Paris pays price for Mali offensive in neighboring countries
Tuesday's bomb attack on the French embassy highlighted the security situation in Libya, with extremists and militias gaining influence as Paris' intervention in Mali has tried to uproot radical Islam from the region.
Since the fall of the regime of Moamer Gathafi in October 2011, extremist Islamist have steadily gained influence.
Many such groups amassed formidable stocks of weapons during the uprising against Gathafi's regime.
The attack on the US consulate in Benghazi last September 11 that killed ambassador Chris Stevens and three other Americans proved just how powerful some of these groups had become.
"A number of groups in the region have a strong motive to attack the French embassy in Tripoli, not least Al-Qaeda in the Islamic Maghreb (AQIM) and other related militant Islamist groups such as the Movement for Oneness and Jihad in West Africa (MUJAO)," said Anthony Skinner, MENA director for risk analysts Maplecroft.
Armed jihadist groups such as MUJAO and AQIM had threatened to hit back at France's interests in the region after they were targeted by French troops in Mali.
Skinner said that Tuesday's bombing, which wounded two French security guards, could have been a reprisal for their country's offensive in Mali.
"It is notable, and possibly not a coincidence, that the attack came a day after the French parliament voted to extend France's military deployment in Mali," he added.
But for Fradj Naji, a Libyan analyst and head of the African Studies Centre, "it would be stupid just to focus on following the trail of jihadist groups like Al-Qaeda."
Naji said that while some Islamists were sympathetic to jihadists in northern Mali, there was also a feeling of gratitude towards France, whose forces took part in the NATO campaign against Gathafi.
But he refused to rule out that sympathisers of the ousted regime may have carried out the attack. "How do you explain that so far, the attacks have only targeted countries that took part in the international coalition's military operations?"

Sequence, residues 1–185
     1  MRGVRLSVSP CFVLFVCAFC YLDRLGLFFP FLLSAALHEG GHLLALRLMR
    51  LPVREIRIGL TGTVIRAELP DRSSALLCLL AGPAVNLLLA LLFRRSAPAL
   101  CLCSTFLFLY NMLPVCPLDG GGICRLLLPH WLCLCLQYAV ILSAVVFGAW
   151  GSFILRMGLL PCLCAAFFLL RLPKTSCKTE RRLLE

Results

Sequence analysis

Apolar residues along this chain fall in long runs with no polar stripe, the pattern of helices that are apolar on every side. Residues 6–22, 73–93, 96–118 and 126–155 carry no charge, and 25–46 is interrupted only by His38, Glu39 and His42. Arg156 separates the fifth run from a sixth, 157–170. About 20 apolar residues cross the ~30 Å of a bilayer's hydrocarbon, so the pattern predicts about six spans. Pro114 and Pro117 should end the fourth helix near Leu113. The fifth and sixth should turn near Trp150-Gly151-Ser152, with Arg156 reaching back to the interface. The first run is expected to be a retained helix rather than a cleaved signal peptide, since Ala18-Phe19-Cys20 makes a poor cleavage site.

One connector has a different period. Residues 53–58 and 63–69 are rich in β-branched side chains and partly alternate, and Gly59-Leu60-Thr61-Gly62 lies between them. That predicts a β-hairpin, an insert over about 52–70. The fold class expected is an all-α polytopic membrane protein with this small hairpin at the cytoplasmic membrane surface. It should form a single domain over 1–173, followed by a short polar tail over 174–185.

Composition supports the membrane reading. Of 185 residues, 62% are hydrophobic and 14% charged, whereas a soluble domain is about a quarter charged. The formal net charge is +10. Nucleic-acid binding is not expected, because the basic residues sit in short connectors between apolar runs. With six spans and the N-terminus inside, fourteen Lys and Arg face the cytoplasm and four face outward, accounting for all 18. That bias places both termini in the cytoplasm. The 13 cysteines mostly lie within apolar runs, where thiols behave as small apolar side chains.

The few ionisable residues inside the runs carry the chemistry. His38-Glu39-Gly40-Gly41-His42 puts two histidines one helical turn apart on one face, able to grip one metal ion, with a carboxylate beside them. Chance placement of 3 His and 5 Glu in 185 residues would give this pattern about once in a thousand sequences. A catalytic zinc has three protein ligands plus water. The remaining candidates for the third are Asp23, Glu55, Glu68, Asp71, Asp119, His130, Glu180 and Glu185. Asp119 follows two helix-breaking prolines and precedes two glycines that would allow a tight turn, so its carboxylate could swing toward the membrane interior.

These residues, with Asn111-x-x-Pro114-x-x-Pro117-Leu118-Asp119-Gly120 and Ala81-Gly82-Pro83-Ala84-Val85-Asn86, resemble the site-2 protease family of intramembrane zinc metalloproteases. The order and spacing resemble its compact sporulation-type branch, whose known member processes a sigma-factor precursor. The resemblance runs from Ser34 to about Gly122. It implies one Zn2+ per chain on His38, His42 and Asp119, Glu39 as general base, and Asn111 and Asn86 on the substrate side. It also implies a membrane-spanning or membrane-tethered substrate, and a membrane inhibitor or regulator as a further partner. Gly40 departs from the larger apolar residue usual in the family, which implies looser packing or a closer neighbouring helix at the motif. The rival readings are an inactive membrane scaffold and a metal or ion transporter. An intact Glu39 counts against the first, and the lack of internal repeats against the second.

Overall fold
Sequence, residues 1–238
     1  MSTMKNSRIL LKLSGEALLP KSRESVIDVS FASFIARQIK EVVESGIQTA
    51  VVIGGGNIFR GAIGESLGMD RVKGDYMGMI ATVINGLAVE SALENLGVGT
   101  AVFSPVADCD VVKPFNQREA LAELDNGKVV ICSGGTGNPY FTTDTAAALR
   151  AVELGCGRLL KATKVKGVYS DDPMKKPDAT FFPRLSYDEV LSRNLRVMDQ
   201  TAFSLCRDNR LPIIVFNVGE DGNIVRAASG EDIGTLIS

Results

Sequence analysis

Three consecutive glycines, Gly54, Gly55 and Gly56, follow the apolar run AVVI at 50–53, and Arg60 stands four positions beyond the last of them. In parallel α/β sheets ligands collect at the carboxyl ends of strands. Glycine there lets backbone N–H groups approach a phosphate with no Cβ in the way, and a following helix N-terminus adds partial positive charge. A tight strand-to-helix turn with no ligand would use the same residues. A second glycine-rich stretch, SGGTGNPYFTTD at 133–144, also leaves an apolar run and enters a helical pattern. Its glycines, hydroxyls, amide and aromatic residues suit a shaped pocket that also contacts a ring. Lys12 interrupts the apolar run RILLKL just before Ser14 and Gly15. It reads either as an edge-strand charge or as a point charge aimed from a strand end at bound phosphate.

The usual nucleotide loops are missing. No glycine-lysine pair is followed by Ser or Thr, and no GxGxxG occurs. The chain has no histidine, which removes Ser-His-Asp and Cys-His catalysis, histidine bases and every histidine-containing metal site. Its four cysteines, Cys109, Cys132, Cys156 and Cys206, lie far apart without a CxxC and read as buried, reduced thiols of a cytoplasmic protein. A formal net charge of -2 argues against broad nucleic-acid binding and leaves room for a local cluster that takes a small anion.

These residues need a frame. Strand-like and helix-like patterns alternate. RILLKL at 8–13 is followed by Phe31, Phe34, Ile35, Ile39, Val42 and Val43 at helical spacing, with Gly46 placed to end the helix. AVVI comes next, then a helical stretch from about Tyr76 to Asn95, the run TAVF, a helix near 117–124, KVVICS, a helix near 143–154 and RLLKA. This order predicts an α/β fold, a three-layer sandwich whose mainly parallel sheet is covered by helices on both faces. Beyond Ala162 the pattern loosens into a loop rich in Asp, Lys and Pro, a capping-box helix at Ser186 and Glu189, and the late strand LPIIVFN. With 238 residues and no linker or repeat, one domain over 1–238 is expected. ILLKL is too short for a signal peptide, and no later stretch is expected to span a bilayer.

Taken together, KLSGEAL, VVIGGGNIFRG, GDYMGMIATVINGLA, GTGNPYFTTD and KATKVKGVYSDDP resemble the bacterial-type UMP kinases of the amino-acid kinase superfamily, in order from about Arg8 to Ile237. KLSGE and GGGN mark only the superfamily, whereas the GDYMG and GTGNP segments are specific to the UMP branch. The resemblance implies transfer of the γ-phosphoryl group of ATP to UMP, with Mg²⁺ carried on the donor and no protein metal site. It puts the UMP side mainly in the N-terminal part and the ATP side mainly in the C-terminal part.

Naji also pointed out that no one had yet claimed responsibility for the attack. "Extremist or terrorist groups like Al-Qaeda often claim responsibility for this kind of attack," he said.
Some analysts have suggested that extremist groups in Libya have become more important than those elsewhere in the region, such as AQIM, and can act independently thanks to the weapons they seized from former regime military bases.
Libyan links to other radical North African groups came to the fore after the "Signatories in Blood" group, lead by one of AQIM's founders, Mokhtar Belmokhtar, attacked an oil site in southern Algeria in January.
At least 38 hostages -- 37 foreigners and one Algerian -- and 29 militants were killed in the days-long desert stand-off.
The attack on the French embassy came at a delicate time for the Libyan government. Tripoli has launched a crackdown on ex-rebel militia groups, some of which are motivated by financial reasons and control large swathes of the country.
These militias, mostly former rebels who battled Gathafi's forces, are refusing to hand over their weapons and have clashed with the authorities when their interests were under threat in the past.
Yet the head of security in Tripoli, Mahmud al-Sherif, is reluctant to start attributing responsibility just yet.
"We are facing several enemies and threats. At the moment, it is too soon to try to point the finger at any one group," he said.